(MENAFN - Arab News) Riot police have broken up a march by hundreds of protesters demanding Algeria overturn a law banning public gatherings.
Several people were hurt.
Police wielding batons and shields stopped demonstrators from leaving the headquarters of a democratic opposition party that called the Saturday march to the National Assembly in Algiers.
Some demonstrators waved Tunisian flags - a nod to the street unrest.
Algeria's government in 2002 enacted law banning public gatherings - a move largely targeting militants involved in a bloody insurgency that erupted in the country a decade earlier.
"There are several injured... and numerous arrests," Said Sadi, the head of the opposition Rally for Culture and Democracy (RCD) said.
Seven police officers were also hurt in the clashes, officials said. Two of the police are in a serious condition, a police source told the official APS news agency.
Five people were arrested, APS said, also citing a police source.
The government had warned people not to show support for the demonstration in central Algiers in a statement issued on the eve of the march, amid fears of popular unrest spreading from neighboring Tunisia.
Among those arrested was the head of the party's parliamentary group, Othmane Amazouz, the RCD leader said.
Another of the party's MPs, Arezki Aiter, was detained but released after an hour, the party said.
Around 300 people had gathered for the rally, intending to march from the city's Place de la Concorde to the Parliament building, but they were quickly blockaded by riot police armed with batons and tear gas, which prevented the group from moving for six hours.
Sadi said his party's headquarters in the city's main avenue had been put under siege by police, describing himself as "a prisoner."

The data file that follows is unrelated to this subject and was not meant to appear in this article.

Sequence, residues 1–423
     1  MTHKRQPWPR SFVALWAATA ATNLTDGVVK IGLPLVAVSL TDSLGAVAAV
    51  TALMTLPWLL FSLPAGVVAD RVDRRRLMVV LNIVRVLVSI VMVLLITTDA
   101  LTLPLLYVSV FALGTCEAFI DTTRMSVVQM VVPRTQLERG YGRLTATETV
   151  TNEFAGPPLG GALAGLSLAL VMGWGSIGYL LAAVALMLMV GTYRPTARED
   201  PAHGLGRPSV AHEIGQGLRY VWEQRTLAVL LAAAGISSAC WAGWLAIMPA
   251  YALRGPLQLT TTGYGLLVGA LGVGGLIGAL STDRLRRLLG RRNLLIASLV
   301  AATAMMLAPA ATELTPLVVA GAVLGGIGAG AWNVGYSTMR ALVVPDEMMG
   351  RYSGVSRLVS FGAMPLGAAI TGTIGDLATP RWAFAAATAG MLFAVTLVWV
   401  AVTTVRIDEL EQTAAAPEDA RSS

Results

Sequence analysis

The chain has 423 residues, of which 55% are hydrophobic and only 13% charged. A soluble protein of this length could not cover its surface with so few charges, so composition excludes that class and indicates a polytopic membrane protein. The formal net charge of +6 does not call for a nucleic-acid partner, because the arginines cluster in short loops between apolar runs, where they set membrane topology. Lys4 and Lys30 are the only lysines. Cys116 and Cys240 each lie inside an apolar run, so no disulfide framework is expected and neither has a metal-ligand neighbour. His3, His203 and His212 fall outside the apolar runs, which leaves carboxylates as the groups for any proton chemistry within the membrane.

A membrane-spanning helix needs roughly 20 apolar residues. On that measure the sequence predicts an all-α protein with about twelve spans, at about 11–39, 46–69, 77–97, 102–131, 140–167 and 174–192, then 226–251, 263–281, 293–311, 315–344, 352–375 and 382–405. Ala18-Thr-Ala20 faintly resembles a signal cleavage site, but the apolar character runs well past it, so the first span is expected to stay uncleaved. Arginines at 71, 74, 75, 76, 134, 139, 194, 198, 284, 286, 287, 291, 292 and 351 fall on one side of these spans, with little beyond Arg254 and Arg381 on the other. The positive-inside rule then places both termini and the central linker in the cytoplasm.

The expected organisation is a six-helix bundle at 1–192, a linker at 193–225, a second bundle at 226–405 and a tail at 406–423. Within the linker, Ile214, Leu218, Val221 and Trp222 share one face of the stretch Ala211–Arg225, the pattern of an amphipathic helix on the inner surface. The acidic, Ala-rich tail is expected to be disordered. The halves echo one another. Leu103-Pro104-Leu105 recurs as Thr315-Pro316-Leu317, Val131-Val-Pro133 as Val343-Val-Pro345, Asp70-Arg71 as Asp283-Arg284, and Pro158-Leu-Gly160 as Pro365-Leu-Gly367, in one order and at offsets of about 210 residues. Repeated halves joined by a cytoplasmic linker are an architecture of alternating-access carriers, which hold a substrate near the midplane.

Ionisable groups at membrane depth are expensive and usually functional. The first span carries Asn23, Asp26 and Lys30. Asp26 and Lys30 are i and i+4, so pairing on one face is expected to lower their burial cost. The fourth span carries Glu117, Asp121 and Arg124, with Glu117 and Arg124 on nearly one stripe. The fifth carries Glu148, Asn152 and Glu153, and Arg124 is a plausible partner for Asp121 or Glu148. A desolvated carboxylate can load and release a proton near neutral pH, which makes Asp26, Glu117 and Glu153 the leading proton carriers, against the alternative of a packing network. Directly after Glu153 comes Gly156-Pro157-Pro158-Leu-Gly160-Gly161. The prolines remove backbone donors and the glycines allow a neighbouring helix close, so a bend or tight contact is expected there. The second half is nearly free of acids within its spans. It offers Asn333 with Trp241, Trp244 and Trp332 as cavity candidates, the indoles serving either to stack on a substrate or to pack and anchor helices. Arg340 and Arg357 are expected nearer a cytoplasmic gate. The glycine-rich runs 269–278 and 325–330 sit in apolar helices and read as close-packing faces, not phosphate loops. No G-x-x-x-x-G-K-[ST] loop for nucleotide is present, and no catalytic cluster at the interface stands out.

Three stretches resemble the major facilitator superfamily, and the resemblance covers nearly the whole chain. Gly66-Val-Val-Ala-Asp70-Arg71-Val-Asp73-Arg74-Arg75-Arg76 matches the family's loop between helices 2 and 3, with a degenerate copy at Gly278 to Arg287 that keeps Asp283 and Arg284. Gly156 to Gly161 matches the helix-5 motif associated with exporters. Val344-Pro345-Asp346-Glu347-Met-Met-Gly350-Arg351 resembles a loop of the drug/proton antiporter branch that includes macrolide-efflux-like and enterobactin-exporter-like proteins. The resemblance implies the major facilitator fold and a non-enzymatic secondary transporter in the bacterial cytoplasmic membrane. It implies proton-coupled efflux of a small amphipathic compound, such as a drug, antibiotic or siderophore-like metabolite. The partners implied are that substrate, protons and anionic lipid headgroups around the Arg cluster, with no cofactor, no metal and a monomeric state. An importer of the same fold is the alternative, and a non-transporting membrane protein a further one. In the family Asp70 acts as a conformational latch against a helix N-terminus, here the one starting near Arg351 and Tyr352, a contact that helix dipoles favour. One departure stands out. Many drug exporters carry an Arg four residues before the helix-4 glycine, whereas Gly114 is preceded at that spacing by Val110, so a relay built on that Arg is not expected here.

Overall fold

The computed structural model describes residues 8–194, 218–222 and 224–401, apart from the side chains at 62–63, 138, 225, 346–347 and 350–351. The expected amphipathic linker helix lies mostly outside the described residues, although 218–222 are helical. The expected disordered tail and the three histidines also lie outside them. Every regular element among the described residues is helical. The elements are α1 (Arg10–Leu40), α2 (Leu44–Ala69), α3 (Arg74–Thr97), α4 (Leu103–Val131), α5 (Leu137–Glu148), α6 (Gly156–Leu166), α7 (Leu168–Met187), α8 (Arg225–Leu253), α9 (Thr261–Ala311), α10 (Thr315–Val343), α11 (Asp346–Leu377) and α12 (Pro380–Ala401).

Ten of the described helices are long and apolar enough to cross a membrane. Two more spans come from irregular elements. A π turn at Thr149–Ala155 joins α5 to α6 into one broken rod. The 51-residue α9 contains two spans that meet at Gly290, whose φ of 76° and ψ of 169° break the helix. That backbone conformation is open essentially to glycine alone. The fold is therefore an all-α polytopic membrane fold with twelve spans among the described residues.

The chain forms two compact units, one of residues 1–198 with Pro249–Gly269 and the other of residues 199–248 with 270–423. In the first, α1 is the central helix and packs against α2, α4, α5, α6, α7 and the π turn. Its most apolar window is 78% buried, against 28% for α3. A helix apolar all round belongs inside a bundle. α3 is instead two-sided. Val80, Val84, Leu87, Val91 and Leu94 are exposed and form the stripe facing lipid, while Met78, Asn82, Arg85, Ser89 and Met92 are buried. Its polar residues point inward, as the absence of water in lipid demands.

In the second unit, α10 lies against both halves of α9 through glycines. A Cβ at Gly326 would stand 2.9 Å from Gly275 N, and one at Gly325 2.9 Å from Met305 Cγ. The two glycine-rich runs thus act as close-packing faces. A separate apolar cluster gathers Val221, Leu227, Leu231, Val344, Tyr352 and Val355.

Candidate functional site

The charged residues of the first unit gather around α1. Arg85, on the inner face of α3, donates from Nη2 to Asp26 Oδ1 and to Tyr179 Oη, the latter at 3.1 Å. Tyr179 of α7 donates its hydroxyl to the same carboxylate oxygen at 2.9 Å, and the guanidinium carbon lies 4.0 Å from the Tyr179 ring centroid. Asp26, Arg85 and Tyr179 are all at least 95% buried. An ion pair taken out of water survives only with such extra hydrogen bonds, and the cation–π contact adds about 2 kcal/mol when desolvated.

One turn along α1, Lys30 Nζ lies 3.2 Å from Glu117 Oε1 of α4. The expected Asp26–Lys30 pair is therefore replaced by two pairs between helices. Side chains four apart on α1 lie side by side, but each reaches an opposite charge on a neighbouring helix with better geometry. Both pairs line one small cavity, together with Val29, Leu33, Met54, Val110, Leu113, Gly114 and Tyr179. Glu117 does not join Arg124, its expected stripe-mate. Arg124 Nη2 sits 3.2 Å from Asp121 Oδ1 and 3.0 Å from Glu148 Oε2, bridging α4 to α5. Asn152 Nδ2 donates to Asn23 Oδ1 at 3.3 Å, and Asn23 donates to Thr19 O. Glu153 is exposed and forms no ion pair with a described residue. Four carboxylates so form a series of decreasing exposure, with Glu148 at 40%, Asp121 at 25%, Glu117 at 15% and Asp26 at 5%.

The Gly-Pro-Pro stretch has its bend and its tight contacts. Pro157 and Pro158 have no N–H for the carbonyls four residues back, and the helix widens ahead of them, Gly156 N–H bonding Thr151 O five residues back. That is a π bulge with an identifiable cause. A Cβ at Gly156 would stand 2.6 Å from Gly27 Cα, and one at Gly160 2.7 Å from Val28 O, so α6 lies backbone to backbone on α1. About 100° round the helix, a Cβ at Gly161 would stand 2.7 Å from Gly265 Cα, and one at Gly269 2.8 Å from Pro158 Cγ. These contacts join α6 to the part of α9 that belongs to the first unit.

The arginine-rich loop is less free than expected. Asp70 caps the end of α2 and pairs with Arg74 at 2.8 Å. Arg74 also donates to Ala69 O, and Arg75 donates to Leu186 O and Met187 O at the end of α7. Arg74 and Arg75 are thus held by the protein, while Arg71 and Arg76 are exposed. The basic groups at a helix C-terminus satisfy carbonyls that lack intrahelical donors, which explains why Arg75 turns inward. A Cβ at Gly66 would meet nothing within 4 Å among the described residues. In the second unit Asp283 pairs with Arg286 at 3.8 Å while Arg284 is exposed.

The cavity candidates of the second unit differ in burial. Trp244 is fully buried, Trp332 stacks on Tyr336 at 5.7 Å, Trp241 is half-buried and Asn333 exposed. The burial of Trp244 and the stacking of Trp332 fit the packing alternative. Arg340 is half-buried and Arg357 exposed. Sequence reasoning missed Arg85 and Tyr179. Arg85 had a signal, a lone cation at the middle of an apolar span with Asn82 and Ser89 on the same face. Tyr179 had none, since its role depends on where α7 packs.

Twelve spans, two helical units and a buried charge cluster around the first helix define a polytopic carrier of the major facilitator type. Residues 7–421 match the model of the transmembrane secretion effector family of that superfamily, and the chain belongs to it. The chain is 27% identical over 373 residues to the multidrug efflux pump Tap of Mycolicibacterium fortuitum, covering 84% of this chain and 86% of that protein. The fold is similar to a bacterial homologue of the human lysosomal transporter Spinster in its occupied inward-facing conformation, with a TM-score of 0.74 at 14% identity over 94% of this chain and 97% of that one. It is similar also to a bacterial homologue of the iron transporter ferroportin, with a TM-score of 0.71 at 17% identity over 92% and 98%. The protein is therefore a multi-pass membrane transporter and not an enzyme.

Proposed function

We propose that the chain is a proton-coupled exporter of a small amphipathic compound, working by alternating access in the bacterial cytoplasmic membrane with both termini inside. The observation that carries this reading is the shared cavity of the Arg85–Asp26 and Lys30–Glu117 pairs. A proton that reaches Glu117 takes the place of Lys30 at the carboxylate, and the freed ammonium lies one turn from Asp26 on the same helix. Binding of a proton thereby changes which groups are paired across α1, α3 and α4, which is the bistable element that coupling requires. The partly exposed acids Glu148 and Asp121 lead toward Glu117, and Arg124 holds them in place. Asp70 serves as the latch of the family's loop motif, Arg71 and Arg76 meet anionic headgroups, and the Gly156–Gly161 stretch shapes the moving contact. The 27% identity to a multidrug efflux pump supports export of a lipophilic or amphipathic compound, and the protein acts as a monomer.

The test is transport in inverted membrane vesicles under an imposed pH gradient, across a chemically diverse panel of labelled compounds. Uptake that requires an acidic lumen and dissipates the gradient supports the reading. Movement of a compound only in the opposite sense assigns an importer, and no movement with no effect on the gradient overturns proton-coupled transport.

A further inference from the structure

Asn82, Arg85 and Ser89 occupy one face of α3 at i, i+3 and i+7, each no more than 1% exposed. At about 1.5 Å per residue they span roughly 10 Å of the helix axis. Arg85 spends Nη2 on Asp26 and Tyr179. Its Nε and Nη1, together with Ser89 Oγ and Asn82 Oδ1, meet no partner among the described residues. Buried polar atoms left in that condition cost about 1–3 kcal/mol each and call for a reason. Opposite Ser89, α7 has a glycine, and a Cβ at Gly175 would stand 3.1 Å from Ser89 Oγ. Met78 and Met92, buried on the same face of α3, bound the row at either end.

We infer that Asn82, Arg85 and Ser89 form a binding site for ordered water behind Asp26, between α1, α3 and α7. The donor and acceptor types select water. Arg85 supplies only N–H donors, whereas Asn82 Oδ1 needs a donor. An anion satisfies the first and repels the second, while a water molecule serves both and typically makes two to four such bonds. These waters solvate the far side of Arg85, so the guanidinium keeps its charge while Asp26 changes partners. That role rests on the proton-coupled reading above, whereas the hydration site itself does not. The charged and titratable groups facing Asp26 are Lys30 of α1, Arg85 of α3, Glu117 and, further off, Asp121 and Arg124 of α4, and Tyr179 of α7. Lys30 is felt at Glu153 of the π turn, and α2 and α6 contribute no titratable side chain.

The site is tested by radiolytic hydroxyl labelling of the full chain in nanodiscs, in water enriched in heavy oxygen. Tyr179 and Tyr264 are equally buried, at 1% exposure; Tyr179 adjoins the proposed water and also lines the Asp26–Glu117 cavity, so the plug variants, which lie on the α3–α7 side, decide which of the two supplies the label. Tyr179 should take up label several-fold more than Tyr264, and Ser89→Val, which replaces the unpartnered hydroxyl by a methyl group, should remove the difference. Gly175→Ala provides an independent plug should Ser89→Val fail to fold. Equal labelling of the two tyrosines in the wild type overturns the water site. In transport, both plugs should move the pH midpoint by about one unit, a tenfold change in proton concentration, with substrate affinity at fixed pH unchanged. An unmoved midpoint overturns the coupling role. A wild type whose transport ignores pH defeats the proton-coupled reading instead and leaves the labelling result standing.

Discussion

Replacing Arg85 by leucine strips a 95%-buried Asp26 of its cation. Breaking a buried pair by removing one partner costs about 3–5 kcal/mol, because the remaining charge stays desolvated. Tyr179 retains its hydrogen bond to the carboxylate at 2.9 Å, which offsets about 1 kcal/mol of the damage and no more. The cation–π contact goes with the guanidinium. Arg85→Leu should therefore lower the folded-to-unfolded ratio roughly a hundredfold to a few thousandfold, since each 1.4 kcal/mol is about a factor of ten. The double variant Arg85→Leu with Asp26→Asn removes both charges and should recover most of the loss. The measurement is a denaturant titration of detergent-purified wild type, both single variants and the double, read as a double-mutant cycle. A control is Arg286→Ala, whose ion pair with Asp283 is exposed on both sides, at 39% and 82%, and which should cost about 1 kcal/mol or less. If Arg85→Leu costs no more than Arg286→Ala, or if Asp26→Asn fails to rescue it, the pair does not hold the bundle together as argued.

"We cannot wage a peaceful campaign when we are under siege," he said, using a megaphone to address the crowd from a first-floor window.
The protesters in the street below waved Tunisian as well as Algerian flags and shouted "A free Algeria, a democratic Algeria" in Arabic, and "Murder State."
A journalist saw one of the party's regional leaders, Reda Boudraa, bleeding from the head after being hit by a police baton. Boudraa was taken away in an ambulance with another injured protester.
Several people were arrested, most of them youths. One was dragged away by six men in civilian clothes and beaten in the doorway of a nearby building.
The government warning, carried by official news agency APS, stated: "Citizens are asked to show wisdom and vigilance and not respond to possible provocation aimed at disturbing their tranquillity, peace of mind and serenity." "Marches are not allowed in Algiers" the statement warned, adding that "all assemblies on public roads are considered a breach of public order."
Mounting public grievances over unemployment and rising costs sparked protests in Algeria earlier this month which left five people dead and more than 800 injured.
The government responded swiftly by reducing the prices of oil, sugar and other basic necessities, which had risen sharply, while buying up a million tons of wheat amid assurances that subsidies on essential goods like flour would continue.
Unrest still simmers, however, and within the past two weeks eight people set themselves on fire in Algeria, although some cases were deemed to be linked to mental health issues.
Students at the Mouloud-Mammeri University at Tizi-Ouzou in the restive Kabylie region east of Algiers had said that they would back the protest.
In a statement the student leadership praised the Tunisian uprising and said it "inspired and motivated all the patriots of North Africa." Algerian commentators have said that more Tunisia-style protests could break out in Algeria, a country with similar social problems.
Unemployment, specifically of the young, is a key issue in Algeria, a country where according to the authorities 15 million of the 36 million population is under the age of 30.